Such a study finding is a great relieve in a time when prescription drugs are increasingly claiming lives of users in overdose cases. It is no surprise that an august 25, 2014 poll result appearing on JAMA International Medicine shows that there is a 24.8 percent decrease in prescription drug overdose cases in states that legalized marijuana between 1999 and 2010.

Clearly, the benefits of medical marijuana surpass the presumed risks. A keen look at the scientific findings will also show that most of the risks associated with marijuana were in most cases mythical. Nevertheless, such beliefs might hold water, just until you are in a delimiting painful health condition.


This is a guest post by founder Ian Lebowski, who has been an avid vape enthusiast for close to a decade now. Originally working in quality control and testing, Ian has reviewed hundreds of vape products over the years. He now works directly with manufacturers working on new product technologies. This post was originally published in TheWeedBlog on July 1, 2016.


  • I had already intended to call you [appt.] this week about this and other new painful, now perhaps mysteriously, disappeared [?], events. Thumbs up.
  • Stacy Snyder
    Thank you for this post. Marijuana was without question the only substance that mitigated my mother's nausea from chemotherapy. She was able to leave her lounge chair and eat food for the first time in months. She received no nutritional support or counseling from the oncology practice whatsoever as she became increasingly severely malnourished. The donations from friends of marijuana edibles had an immeasurable positive effect.
  • As someone who continually has problems with back pain, I find this article very informative and interesting. I never knew that medical marijuana actually has a safer profile than prescription drugs. I hope that further research will show people how helpful marijuana is. Thank you for sharing!
  • Great Post! However in NJ only 10% of THC allowed this will never help severe chronic pain though does help with nausea and appetite. However in my experience if it works for some that's wonderful. We need studies to prove this theory of marijuana for pain. In any event I can tell you this physician is the most kind compassionate physician I have ever encountered and sincerely thank him for all he has done for me. There will always be needed essential pain medications. This rhetoric that essential medications do not work disgusts me. There is a well accepted standard of care in treatment of pain to the effect that the dose of medications including opoids should be individualized to enable patients to function as they choose and further to die relatively pain free... Not Happening! Millions of responsible legitimate chronic pain suffering patients with no other alternatives but narcotics are fighting hard everyday to unlock our physicians hands. This government dictated health care must End! This inhumane barbaric treatment of legitimate chronic pain suffering patients must end. Our medications do not get us high they just help us to survive and lead a more productive life to eat sleep exercise shower garden play with our grandchildren work ect. Turn the Tides has been a huge costly failure and has created the worst HEROIN EPIDEMIC in history... we have not a legitimate responsible pain suffering Epidemic..we have a HEROIN EPIDEMIC! This inhumane barbaric treatment must end!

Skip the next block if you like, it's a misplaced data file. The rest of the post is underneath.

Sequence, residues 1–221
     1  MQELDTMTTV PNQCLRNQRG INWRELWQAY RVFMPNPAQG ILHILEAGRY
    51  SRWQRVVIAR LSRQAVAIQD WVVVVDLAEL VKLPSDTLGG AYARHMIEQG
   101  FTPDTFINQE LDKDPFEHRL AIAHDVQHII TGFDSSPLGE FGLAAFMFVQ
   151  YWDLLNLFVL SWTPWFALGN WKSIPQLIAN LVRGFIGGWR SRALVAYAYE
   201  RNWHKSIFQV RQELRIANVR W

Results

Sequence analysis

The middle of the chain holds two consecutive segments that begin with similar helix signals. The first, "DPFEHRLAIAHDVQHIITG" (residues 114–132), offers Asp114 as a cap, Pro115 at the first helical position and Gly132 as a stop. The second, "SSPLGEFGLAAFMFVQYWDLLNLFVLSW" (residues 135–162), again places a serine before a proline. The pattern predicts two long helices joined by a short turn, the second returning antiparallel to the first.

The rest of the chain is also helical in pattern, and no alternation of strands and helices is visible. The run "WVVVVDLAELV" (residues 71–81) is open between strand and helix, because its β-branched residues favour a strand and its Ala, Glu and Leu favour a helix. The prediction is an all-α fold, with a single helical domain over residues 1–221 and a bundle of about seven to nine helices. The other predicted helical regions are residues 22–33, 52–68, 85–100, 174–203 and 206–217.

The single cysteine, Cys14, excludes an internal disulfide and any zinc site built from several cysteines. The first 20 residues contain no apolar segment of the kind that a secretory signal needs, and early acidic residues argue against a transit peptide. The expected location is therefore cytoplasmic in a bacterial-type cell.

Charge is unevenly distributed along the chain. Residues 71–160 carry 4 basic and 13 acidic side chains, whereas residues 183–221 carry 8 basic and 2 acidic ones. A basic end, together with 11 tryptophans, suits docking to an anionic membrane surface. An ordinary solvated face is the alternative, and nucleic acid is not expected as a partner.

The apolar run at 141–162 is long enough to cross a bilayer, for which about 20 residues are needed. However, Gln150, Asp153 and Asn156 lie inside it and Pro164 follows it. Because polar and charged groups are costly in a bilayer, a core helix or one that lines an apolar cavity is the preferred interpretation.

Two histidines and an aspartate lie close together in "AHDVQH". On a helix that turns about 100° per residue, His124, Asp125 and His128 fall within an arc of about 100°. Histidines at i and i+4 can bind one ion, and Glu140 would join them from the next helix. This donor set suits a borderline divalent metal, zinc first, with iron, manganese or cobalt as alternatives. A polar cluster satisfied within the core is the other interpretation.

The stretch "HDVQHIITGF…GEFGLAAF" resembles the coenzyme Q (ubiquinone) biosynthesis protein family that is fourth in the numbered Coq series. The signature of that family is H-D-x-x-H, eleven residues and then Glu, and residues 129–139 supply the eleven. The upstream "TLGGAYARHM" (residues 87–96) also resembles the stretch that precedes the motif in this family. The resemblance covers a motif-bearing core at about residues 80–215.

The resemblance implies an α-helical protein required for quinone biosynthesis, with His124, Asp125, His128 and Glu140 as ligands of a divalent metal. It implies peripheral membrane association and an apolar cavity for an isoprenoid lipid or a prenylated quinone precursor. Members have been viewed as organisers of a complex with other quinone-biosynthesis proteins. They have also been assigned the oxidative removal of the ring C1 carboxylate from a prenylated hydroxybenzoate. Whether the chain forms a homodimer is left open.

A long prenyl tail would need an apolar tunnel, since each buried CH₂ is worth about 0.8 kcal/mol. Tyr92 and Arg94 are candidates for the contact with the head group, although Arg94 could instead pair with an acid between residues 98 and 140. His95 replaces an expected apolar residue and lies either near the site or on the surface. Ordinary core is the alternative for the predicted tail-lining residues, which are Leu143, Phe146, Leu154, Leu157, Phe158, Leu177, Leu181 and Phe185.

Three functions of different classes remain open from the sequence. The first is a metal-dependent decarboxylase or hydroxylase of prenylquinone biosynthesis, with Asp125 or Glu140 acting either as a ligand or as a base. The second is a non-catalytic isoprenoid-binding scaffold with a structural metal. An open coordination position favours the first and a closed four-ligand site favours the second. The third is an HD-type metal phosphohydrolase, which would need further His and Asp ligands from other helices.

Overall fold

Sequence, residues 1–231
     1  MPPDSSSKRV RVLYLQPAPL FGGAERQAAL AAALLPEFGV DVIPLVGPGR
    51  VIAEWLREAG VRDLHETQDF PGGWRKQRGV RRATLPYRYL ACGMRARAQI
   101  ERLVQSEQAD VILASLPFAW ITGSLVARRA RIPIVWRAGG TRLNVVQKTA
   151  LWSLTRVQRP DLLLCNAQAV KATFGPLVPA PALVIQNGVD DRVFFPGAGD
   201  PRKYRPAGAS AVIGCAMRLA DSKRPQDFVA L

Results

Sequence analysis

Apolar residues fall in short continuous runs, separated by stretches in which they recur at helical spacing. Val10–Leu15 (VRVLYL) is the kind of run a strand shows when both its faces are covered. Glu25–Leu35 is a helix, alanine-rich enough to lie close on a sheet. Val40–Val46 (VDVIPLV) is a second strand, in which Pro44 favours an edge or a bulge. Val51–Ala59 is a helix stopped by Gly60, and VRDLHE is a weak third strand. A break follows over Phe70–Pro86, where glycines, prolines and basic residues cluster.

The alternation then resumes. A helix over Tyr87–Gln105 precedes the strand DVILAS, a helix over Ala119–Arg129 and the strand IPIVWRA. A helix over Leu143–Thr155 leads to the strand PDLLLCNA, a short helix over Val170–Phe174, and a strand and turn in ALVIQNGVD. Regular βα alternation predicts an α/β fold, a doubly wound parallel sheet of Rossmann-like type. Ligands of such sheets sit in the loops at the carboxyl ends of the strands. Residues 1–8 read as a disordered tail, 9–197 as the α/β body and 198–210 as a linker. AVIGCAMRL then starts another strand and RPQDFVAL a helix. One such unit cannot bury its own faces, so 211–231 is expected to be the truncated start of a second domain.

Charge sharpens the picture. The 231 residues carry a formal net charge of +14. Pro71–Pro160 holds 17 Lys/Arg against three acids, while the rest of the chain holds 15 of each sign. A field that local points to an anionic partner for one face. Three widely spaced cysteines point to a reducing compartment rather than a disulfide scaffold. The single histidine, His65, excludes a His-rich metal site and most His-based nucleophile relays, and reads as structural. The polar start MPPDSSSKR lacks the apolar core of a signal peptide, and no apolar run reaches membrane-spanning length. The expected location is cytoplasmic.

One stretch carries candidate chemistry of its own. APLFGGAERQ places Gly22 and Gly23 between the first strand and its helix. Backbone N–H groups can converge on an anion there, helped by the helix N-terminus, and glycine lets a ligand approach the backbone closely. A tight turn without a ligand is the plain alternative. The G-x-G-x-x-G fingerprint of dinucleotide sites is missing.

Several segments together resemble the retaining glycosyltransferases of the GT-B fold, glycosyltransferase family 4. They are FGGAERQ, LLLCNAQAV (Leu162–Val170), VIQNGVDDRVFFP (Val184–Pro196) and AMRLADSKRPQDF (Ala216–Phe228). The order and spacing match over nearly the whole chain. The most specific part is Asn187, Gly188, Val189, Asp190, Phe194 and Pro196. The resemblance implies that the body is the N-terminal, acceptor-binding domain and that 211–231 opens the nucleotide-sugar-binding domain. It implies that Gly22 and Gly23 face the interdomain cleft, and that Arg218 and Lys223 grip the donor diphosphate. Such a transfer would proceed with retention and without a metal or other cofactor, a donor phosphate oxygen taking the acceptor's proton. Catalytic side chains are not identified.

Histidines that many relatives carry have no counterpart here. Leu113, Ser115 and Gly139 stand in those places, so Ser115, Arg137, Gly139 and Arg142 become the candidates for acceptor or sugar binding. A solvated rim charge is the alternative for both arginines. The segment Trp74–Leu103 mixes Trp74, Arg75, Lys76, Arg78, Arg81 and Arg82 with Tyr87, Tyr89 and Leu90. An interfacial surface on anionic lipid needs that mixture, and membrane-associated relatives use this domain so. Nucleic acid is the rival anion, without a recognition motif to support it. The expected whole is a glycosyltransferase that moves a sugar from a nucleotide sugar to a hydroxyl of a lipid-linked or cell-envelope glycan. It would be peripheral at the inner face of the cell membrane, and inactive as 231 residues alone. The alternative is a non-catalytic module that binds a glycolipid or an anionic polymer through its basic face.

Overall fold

• Barbara Stasiak
    My family is wondering if you know anything about medical marijuana easing dementia delirium/terminal agitation. The antipsychotics like Rispredal that seem to be in off-label use on elderly patients with extreme agitation of unknown origin cause serious side effects that seem to precede effective therapeutic effects. Some of the side effects cannot be tolerated to the point where the therapeutic effects might kick in. Any wisdom you can share or research links are most welcome. Thanks.